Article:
Thursday, June 2, 2016

A painful interruption

Plan B
or
The Shocking Story Kevin Hoover Doesn't Want You to Know!
or
Well, that actually doesn't make any sense, since he's telling you every little detail
or
Whatever. Here's how my PCT hike broke down after 52.6 miles, part 1

On my last day on trail, when I was still foolishly trying to tough it out.

As we all know, adaptation is key to survival. Key! 
And as readers know, I've grown deeply besmitten with Pacific Crest Trail life. I barely sampled its abundant joys when the feet went south as I was headed north.
Just two weeks into the hike, I knew what the nurse at the Julian Medical Clinic was going to tell me – the same thing my throbulent nerve endings were: you aren't hiking anywhere on these bloody things any time soon, boy. 
What she actually told me as she was stabilizing my battered, tattered feet was to get to a town with a podiatrist and have an evaluation done.
As you can imagine, the hike's interruption was painful mentally as well as physically. A year of planning, and with so much community backing and scrutiny, now all sundered by a probably-preventable medical issue.
This followed the initial rounds of something I've been dealing with since then – waves of self-damnation for the now-obvious holes in my planning and training, plus embarrassment, self-doubt, thoughts of impostor syndrome and being the embodiment of Dunning-Kruger over my vainglorious escapade.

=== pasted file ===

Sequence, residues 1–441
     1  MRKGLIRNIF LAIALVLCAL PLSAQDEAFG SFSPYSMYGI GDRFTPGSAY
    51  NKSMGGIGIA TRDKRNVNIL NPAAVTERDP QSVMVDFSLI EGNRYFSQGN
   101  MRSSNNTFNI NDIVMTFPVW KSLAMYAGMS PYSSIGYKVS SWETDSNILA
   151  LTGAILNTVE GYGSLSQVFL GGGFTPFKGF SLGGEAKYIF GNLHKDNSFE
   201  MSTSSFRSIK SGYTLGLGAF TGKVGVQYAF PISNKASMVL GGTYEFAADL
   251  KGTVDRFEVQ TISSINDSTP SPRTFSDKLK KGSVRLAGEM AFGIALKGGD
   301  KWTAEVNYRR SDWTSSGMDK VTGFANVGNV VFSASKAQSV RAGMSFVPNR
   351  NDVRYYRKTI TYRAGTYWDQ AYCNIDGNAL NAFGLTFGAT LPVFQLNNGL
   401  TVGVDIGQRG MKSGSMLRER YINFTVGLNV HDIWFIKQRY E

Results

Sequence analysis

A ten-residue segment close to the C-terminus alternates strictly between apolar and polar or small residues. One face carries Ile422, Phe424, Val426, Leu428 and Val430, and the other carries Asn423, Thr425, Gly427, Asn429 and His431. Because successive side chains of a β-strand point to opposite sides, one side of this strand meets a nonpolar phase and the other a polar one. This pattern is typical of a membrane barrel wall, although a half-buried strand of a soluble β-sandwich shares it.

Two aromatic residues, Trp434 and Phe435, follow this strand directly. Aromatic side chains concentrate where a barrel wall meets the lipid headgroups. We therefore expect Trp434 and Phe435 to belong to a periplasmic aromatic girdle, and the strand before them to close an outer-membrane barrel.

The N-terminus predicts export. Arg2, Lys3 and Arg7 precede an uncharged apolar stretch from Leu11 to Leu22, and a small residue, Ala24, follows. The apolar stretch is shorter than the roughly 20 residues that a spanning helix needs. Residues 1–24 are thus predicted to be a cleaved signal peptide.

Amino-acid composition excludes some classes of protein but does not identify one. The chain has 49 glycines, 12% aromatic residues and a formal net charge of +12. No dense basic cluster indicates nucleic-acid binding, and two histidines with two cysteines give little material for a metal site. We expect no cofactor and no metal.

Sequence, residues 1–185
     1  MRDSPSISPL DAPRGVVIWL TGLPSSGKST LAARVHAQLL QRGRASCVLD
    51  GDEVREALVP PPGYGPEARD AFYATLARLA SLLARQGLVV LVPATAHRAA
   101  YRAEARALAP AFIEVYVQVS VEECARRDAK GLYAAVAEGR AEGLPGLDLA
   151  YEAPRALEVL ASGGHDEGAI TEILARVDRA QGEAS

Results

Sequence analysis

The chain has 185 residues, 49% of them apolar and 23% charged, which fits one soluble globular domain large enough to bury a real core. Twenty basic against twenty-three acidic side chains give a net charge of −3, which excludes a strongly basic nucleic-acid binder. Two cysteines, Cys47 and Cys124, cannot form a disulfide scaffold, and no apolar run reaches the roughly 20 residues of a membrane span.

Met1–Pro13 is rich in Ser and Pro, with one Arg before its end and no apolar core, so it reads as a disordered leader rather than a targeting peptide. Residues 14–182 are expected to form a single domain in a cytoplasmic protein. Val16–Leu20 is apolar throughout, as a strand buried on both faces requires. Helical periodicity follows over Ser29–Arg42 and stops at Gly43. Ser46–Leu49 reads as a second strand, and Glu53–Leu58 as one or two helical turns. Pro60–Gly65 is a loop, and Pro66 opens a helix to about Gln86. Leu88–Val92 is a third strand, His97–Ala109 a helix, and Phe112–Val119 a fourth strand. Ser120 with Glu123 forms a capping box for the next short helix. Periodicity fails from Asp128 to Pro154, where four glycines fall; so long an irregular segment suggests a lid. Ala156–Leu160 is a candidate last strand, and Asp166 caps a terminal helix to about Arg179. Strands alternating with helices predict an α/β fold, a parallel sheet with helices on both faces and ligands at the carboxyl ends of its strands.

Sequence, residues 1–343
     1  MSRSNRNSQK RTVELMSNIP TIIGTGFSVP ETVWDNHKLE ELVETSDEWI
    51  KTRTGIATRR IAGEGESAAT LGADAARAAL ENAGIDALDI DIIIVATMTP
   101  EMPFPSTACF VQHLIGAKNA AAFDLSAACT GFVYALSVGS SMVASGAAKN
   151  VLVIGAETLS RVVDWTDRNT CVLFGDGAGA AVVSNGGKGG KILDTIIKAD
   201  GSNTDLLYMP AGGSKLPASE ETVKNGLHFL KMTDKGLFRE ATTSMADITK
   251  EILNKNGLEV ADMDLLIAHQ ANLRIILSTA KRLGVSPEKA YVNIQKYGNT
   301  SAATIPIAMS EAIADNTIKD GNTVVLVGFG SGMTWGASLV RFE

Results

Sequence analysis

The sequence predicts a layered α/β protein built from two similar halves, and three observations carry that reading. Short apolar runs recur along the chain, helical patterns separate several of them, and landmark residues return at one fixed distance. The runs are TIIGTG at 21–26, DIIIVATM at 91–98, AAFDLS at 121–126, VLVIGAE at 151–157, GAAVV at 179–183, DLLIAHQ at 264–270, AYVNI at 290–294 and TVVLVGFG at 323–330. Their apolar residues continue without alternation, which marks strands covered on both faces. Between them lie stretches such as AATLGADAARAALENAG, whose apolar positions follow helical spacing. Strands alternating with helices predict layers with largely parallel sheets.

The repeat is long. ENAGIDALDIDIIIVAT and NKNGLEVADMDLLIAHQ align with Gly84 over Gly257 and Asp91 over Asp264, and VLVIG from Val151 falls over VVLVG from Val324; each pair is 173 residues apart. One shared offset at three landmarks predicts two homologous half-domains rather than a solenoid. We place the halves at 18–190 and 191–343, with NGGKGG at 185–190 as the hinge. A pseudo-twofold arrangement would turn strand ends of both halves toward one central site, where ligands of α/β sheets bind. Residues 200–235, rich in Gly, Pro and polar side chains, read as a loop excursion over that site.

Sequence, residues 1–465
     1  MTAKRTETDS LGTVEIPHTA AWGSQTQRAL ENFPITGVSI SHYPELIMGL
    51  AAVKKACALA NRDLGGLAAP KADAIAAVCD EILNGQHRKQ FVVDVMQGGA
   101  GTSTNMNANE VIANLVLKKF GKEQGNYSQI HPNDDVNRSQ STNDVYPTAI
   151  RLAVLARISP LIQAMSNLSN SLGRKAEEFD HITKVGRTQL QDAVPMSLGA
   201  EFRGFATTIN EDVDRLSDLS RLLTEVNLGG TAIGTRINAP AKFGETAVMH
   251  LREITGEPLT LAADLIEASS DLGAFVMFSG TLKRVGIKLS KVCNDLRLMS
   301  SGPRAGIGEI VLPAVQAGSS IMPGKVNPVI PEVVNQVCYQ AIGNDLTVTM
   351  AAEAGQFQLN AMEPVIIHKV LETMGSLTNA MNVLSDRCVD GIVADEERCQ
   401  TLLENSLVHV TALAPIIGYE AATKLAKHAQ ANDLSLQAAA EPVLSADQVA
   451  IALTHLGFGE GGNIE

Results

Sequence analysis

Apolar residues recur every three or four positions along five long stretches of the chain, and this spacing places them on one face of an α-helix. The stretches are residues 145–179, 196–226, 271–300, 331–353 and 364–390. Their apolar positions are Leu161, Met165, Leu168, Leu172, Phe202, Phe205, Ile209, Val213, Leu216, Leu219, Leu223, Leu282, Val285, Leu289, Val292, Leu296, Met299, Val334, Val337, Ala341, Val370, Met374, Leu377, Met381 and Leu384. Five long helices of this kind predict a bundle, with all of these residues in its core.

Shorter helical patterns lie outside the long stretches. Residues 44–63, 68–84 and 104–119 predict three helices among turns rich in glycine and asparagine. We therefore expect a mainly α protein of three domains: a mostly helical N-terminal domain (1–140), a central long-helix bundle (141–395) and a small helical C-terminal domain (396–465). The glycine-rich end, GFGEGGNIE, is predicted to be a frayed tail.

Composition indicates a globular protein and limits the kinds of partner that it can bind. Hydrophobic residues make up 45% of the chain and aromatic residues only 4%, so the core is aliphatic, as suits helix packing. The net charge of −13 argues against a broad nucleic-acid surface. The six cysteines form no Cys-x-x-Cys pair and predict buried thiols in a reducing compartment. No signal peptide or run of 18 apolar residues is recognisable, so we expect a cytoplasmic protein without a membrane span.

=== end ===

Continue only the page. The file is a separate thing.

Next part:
But there'd be plenty of time later for wallowing in self-pity – it was time to put into action my hike salvage plan.
But first, some catch-up. 
At an overlook near Laguna Campground. 
After the previous zero day in Mt. Laguna, it was only with incessant Ibuprofen, denial and megadoses of Gorilla tape and gauze that I was able to trudge through the day. I made it just six miles to the Laguna Campground that day, motivated in part by the seriously stunning views of the Anza Borrego Desert. 
There, I was bedazzled by vastness and age if the formations, with shapes and colors along the trail that far exceed in beauty and subtlety anything I remember from my LSD and psilocybin days, because it's real.
These passersby pointed out to me the frighteningly beautiful Poodle Dog Bush, which I might otherwise have overlooked.

I also continued to encounter countless friendly folks of all ages, genders and nationalities. The reason I met so many is that they were all passing me by. My daily mileage was abysmal. I could only go four or five miles before the pounding pain from my feet broke through the invisible Vitamin I shield.
It slowly dawned on me that apart from the breathtaking beauty and lovely conversations with other hikers, most of my consciousness was consumed with managing pain. Every footfall was an explosion of agony, and it wasn't getting better. Everyone has initial aches and pains, but this seemed to be exceptional.
I had to pick each footstep carefully to minimize pain return, so I was basically taking baby steps. Rarely could I take any healthy strides; basically only when the trail was soft and dusty and straight. Sometimes my foot would slip, causing the meat inside my heel to crunch sideways, and it felt like my foot had been jammed into a garbage disposal.
I also came to realize that the Ibuprofen wasn't really helping me. By suppressing the pain, it was allowing me to continue hiking and further inuring my feet. 
Also, one of the side effects of Ibu is elevated risk of heart attack. Lovely. The way my heart was pounding as I climbed those steep ridges, I probably didn't need any risk factors heightened.
Clearly, this is no way to hike the PCT. Or live. It certainly isn't what I had planned for.